Hall Of Fame
Michael DiSanto breaks down Saturday night's UFC 142 main event between UFC featherweight champion Jose Aldo and unbeaten challenger Chad Mendes...
That got your attention, didn’t it? Follow along for a couple of paragraphs before getting all crazy in the comment section, because the reigning UFC featherweight champion certainly does have something to prove in my honest opinion.
Anderson Silva and Georges St-Pierre are universally regarded as the top two fighters in the world, pound for pound. Yet, both are currently sidelined by injuries that will keep them out of action for a while and may or may not have a lasting impact on their respective abilities moving forward.
For the first time in years, there is finally a crack in the pound-for-pound door. Two men instantly come to mind when thinking about the next in line behind Silva and GSP—Jon Jones and Jose Aldo. Jones had such an amazing 2011 that many are ready to anoint him on par with the two reigning pound-for-pound kingpins. But the fact of the matter is that Jones has only recently entered the world of the elite. In 2010, Jones wasn’t even a footnote in the pound-for-pound debate.
Don’t get me wrong. Jones has always been a fighter with seemingly limitless potential. I was calling this guy out as a future champion as early as his 2009 win over Stephan Bonnar. But nobody, other than maybe Jones’ immediate family, was referring to him in pound-for-pound terms until he won the championship from Mauricio “Shogun” Rua last March.
Jose Aldo, on the other hand, has been part of the discussion since at least the middle part of 2010. Aside from a gut-check win over Mark Hominick last April, the Brazilian bomber has seemed largely invincible during his current 13-fight, five-plus-year winning streak. Go back and check out his wins over Cub Swanson, Mike Brown, Urijah Faber, Manny Gamburyan and Kenny Florian. You’ll understand what I’m talking about. This guy is scary good—absolutely scary.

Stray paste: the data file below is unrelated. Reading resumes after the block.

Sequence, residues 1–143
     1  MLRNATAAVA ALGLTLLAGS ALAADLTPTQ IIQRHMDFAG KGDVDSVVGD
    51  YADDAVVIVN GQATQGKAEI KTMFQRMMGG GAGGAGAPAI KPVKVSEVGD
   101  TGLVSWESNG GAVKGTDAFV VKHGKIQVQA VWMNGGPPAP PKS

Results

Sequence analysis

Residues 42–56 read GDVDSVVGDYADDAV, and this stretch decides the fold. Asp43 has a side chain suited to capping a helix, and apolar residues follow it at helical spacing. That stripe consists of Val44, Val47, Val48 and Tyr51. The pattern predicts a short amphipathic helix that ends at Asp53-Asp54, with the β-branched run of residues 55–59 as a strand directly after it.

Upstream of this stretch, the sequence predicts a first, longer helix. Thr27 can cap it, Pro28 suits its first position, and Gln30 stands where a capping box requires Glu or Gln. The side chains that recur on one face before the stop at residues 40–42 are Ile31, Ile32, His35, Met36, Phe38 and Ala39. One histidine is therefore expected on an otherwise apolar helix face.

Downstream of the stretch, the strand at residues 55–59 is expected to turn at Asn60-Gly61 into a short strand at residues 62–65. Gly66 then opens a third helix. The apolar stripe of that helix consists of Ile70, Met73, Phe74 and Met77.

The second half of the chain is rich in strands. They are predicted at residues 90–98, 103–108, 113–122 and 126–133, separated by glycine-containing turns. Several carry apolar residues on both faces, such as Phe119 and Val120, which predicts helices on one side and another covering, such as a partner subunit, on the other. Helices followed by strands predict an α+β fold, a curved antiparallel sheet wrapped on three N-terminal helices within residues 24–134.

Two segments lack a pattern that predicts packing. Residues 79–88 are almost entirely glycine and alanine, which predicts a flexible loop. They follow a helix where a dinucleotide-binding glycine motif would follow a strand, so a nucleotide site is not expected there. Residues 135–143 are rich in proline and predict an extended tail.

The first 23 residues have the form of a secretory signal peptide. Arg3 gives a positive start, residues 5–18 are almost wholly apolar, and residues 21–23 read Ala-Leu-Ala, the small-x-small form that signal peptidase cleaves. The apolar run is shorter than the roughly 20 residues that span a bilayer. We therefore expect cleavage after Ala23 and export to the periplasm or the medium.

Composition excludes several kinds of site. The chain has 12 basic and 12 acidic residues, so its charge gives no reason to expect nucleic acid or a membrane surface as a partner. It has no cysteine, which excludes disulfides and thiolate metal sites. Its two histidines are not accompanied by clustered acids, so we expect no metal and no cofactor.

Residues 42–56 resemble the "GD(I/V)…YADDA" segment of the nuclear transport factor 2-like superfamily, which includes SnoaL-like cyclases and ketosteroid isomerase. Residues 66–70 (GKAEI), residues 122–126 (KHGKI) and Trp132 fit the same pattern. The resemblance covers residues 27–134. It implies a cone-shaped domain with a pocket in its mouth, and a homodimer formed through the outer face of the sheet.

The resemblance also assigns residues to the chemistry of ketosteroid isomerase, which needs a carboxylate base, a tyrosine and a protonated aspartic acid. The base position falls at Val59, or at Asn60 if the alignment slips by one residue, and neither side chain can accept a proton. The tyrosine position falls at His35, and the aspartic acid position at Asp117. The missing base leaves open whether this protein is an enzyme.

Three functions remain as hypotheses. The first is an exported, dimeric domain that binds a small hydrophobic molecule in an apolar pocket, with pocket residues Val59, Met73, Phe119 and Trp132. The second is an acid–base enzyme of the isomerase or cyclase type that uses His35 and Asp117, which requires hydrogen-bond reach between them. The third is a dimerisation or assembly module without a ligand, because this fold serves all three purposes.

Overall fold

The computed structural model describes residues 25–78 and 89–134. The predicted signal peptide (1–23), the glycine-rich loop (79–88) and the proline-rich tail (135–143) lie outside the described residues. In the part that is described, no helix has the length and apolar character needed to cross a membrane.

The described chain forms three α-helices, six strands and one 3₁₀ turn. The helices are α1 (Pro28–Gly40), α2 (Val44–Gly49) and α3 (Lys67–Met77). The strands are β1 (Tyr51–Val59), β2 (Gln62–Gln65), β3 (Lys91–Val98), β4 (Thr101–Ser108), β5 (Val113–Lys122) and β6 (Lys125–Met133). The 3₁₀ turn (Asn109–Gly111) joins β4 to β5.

The problem for Aldo is that Jones’ 2011 was one of the best years that we’ve seen in the UFC in a long, long time. And we all know that mixed martial arts is a what-have-you-done-for-me-lately sport. Aldo’s 2011 was good, but not that good.
Nonetheless, Aldo’s body of work over the past five years suggests that he is more deserving of pound-for-pound glory than his younger, larger fellow champion. None of that matters, though, if he cannot put on a stellar performance on Saturday night against undefeated challenger Chad Mendes.
Aldo can’t just beat Mendes if he wants to reinsert himself into the pound-for-pound discussions. He needs to destroy him, which is exponentially easier said than done.
Many believe that Mendes is the best wrestler that Aldo has ever faced. That is a gigantic statement considering the fact that Aldo already owns a lopsided win over Faber, a very successful collegiate wrestler in his own right. And he made it look like just another day at the office.
The question is whether he can do the same thing to Faber’s Alpha Male teammate on Saturday night. The answer all depends on whether Aldo can stop the takedown. If so, the champion will undress his opponent with a violent array of strikes. In fact, it will probably seem more like target practice than a fight, if the action remains standing.
But that is a big IF. Remember, we are talking about the 2008 Pac-10 Wrestler of the Year. That means he is no joke when it comes to putting opponents on their backside with takedowns and slams.
More on that in a minute.
If Aldo wants to stop the takedown, he should go right back to the same game plan he used against Faber, which means dishing out a heavy dose of kicks.
Aldo is a master at using kicks to both control the distance and exact damage. He knew that he needed to avoid the takedown against Faber in order to maximize his chances at defeating the former collegiate wrestling star. That same logic applies against Mendes. Thus, Aldo should put on the same clinic on how to control the distance with lightning fast leg and body kicks.
Aldo’s lower body attack was so effective against Faber that he actually scored multiple knockdowns from leg kicks, something rarely seen at the highest level of MMA. There is no reason to believe that he cannot do the same thing against Mendes for two reasons.
First, Aldo delivers his kicks with such insane speed that they are unbelievably difficult to time and catch. Second, if Mendes drops his hands in an unsuccessful attempt to catch an Aldo kick, he opens the door for a one-punch knockout loss.
Not only is Aldo the best puncher in the division; he is also the best at feinting with a kick and then unleashing a nuclear right hand, something that will always be in the back of Mendes’ mind throughout the fight.